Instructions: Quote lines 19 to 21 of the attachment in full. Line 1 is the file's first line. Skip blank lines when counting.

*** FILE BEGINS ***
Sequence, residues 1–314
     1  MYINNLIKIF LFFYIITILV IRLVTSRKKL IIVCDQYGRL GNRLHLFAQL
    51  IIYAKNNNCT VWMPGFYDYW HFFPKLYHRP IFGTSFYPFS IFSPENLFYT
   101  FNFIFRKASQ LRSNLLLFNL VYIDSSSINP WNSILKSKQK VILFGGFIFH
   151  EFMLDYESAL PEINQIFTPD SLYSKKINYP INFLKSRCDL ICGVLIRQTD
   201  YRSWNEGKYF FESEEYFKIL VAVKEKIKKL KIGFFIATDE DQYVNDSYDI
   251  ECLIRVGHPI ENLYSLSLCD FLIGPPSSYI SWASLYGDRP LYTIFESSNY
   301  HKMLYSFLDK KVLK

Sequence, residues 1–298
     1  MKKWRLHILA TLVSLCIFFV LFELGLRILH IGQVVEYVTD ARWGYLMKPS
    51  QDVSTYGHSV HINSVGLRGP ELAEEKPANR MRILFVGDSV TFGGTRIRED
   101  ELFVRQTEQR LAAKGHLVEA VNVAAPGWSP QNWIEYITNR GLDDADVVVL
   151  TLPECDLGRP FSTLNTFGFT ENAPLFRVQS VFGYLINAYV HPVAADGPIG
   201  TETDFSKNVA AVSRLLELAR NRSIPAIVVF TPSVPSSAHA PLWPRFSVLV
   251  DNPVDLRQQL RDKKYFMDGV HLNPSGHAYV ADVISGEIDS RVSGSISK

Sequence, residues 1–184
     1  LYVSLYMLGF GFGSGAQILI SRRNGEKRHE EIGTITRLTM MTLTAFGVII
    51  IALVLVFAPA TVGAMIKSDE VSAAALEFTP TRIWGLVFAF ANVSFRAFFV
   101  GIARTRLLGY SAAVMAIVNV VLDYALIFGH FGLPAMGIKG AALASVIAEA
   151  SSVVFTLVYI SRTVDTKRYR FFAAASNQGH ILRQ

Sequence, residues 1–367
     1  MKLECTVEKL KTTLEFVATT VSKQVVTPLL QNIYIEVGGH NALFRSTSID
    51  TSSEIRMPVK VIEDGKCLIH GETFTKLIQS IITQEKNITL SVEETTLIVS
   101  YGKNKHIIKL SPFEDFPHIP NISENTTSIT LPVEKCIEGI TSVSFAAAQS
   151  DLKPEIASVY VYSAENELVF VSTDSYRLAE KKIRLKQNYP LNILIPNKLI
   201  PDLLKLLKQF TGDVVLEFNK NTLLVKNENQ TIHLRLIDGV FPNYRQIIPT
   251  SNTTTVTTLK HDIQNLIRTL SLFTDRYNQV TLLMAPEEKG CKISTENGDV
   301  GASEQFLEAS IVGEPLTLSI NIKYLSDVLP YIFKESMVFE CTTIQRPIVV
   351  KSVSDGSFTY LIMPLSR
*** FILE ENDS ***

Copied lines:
   101  GIARTRLLGY SAAVMAIVNV VLDYALIFGH FGLPAMGIKG AALASVIAEA
   151  SSVVFTLVYI SRTVDTKRYR FFAAASNQGH ILRQ

Sequence, residues 1–367